Clinical Criminal Justice Programs in China
John W. Smagula discusses the human perspective of legal disputes in China
Friday, February 25, 2005
12:00 PM - 1:30 PM
10383 Bunche Hall
Noon, Feb. 25, 2005
10383 Bunche Hall, UCLA
For the past three academic years, Professor Smagula has taught American and international law in China, most recently at Sichuan University where he worked with the criminal justice legal clinic. Modeled after clinical programs in U.S. law schools, China’s legal clinics give students a chance to apply their skills in practice while providing legal aid for the poor. Police brutality, domestic violence, government abuses, and hapless criminal defendants caught in the web of the law are typical of the cases handled by his students.
Professor Smagula's talk explores these disputes from a human perspective, comparing and contrasting the contemporary Chinese legal system through the eyes of judges and law students, those wrongly accused, and those who look beyond China's traditions to a more just future.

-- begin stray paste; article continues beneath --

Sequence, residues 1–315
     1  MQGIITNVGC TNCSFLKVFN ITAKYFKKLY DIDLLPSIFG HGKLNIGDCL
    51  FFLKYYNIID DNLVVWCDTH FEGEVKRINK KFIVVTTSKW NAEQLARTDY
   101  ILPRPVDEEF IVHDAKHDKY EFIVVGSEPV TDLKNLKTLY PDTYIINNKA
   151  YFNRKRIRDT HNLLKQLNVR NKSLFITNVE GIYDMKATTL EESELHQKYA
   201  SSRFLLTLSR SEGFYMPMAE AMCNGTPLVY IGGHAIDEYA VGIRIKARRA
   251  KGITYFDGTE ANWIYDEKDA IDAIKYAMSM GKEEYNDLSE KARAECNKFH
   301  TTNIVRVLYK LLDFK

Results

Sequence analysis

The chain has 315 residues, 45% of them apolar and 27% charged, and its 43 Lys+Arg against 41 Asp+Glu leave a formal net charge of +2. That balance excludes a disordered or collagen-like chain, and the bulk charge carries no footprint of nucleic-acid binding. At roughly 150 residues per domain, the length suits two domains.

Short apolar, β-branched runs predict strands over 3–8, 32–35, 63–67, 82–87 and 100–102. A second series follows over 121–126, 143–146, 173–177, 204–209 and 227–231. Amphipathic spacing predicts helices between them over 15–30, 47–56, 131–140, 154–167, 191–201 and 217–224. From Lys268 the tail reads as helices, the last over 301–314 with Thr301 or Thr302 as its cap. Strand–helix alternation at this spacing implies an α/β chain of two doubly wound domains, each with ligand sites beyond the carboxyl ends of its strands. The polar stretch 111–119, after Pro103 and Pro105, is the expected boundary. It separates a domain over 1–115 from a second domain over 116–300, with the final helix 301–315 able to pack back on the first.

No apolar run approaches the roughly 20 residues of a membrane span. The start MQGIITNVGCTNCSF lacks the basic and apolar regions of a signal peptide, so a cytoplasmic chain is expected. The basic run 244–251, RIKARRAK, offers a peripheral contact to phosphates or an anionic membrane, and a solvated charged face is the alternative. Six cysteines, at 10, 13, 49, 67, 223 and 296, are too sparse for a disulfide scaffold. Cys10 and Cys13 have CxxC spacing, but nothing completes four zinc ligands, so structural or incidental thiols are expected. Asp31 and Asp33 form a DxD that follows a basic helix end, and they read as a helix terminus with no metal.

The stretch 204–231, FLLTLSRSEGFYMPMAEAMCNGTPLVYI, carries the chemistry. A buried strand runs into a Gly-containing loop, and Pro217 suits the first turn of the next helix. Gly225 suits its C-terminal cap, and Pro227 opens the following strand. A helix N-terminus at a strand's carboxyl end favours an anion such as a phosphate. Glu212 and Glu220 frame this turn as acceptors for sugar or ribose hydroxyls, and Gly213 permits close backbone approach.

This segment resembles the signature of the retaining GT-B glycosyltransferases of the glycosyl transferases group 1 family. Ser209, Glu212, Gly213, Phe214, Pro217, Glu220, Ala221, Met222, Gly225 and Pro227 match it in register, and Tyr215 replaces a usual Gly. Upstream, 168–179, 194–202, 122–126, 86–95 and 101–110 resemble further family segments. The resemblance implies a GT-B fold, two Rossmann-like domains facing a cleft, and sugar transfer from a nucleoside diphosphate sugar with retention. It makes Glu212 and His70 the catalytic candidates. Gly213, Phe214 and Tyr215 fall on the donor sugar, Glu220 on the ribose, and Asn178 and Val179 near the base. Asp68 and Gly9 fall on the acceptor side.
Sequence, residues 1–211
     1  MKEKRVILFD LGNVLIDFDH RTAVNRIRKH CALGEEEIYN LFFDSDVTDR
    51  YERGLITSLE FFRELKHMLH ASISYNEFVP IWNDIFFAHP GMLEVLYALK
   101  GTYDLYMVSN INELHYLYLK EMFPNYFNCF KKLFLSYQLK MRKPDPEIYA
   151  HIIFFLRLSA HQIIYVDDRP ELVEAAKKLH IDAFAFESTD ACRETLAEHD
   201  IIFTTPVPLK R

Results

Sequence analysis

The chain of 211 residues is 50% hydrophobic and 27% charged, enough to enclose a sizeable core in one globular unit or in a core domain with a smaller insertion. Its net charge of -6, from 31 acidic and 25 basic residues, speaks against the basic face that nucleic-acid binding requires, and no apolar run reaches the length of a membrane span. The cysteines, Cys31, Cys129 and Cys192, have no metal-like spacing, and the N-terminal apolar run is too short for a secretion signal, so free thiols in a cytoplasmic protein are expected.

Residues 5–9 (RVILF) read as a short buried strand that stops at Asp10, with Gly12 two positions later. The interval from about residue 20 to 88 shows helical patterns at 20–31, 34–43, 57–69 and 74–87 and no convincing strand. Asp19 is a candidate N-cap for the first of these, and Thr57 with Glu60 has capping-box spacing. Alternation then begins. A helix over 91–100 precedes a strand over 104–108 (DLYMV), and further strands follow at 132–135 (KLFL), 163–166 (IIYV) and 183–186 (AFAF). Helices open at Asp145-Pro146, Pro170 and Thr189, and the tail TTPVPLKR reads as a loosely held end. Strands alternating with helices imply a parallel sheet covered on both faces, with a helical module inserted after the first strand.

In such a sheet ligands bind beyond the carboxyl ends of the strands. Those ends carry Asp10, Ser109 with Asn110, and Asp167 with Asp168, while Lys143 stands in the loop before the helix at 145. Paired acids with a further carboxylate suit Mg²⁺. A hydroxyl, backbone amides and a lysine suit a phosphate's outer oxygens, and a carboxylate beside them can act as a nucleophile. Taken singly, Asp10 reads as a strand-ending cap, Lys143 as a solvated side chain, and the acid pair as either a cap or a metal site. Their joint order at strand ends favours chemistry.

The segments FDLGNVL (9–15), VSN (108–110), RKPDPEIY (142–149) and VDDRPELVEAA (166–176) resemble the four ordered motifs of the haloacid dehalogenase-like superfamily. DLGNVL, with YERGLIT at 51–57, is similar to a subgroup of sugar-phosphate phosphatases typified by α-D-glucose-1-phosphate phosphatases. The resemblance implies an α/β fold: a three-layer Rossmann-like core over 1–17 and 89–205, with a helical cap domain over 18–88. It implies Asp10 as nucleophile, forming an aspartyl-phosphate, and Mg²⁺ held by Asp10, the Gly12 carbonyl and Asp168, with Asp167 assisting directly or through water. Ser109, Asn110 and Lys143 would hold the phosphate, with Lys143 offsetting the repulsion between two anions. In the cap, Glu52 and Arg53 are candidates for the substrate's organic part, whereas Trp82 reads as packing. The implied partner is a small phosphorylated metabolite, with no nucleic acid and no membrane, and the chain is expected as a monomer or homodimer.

John W. Smagula, J.D., is the Director of Asian Programs for Temple University School of Law. He was part of a team teaching the only criminal legal clinic in China where students were allowed to represent criminal defendants. Prior to his academic career, Smagula was an associate in the New York and Hong Kong offices of Paul, Weiss, Rifkind, Wharton & Garrison as well as the San Juan, Puerto Rico law firm of Totti & Rodriguez-Diaz.
Professor Smagula received his bachelor’s degree from Pomona College in international relations (B.A., 1992), and his law degree from Washington University School of Law (J.D., 1995). He also studied at Qinghua University through the Inter-University Program for Chinese Language Studies in the summers of 2000 and 2001.
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Tel: 310 285-8683
Sponsor(s): UCLA Law